SAP declined to detail specific configurations or pricing of appliances. In fact, it said it will not publically release the pricing of its software, disclosing terms only to customers participating in early deployments.
One such customer is Hilti, a manufacturer that participated in early tests of HANA. A Hilti executive said the company has successfully piloted a customer reporting application involving some nine million customer records. The report previously took two to three hours and involved multiple query steps, but in HANA it's a one-step query that takes just two to three seconds, according to Christi Ritter of Hilti's global IT organization.
"HANA will have a deep impact and will be the starting point for a transformation not only in IT, but in our ability to provide information to the people who are directly involved in transactional operations," Ritter said. He noted that end users could ask questions and gain insights instantly rather than having to wait for ETL batch processes involving IT.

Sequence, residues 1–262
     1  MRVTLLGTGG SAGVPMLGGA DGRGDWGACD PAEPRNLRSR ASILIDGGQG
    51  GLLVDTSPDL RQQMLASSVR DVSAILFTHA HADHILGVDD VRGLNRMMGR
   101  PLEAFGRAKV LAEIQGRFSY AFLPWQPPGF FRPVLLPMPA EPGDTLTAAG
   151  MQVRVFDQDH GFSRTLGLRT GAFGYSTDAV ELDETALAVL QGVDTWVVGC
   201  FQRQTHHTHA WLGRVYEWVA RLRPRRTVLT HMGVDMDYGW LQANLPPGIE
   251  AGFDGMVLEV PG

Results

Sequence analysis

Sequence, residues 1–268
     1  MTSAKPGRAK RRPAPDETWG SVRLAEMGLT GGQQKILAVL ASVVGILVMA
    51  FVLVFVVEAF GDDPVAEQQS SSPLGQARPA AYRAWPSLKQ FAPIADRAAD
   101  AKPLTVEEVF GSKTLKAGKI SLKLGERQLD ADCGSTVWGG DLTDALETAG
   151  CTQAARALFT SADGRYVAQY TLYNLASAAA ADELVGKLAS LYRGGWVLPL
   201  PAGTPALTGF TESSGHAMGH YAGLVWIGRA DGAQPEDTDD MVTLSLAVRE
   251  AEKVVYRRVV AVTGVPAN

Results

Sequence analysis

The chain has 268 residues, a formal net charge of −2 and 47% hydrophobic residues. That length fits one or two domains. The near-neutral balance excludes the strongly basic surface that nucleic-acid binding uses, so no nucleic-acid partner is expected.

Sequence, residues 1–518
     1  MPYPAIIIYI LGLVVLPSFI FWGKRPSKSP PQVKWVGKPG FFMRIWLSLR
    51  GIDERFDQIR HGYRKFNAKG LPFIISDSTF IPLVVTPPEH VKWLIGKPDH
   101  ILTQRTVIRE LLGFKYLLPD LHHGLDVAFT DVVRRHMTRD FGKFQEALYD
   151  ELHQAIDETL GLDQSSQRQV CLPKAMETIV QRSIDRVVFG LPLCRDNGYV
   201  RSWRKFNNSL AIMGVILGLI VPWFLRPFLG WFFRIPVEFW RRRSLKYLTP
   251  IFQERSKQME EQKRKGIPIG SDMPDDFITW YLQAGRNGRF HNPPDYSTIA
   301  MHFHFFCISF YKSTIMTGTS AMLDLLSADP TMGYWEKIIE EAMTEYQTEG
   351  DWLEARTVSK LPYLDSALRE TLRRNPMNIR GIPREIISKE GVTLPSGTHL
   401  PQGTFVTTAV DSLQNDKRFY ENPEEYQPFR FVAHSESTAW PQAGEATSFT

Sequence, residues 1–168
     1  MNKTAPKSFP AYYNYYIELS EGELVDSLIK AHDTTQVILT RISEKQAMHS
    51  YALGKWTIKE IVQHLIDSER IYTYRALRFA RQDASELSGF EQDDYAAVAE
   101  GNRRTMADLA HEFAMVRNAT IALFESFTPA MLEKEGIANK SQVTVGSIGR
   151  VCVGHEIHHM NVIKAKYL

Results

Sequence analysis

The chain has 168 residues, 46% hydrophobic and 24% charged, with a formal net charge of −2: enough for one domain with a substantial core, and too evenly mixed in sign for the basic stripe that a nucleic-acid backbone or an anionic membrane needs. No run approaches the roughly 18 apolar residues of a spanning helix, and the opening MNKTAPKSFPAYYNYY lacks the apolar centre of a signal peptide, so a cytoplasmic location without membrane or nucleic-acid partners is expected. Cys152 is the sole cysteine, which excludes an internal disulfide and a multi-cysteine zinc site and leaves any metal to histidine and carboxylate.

Hilti's next step will be to move open-order and customer-view reports into HANA. If results are consistent with the initial pilot, the company could save as much as one full-time-equivalent in each of 70 global marketing groups, Ritter said.
HANA is decidedly not a big-data appliance in that RAM remains as much as 20 times more expensive than comparable disk-based storage capacity, according to Gartner analyst Donald Feinberg. That said, Feinberg predicts SAP's rivals will also move toward in-memory database structures as hardware vendors turn out blades with more processing cores and memory at ever-lower cost.
"If HP, IBM and Dell can create these boards, there's no reason [Oracle] Sun can't," Feinberg said, adding "Larry Ellison has commented that Oracle will have an in-memory, column-store database by next year."
Whether Oracle and others will also propose taking layers out of the IT stack, as SAP has, remains to be seen. For now, HANA is an add-on to existing environments, so it has to justify a payback without the promise of cutting cost from existing deployments.
"If you can save $50 million on a $2 million investment, there isn't a company that wouldn't do that," Feinberg said. "But you have to have a high-value application to rationalize the investment."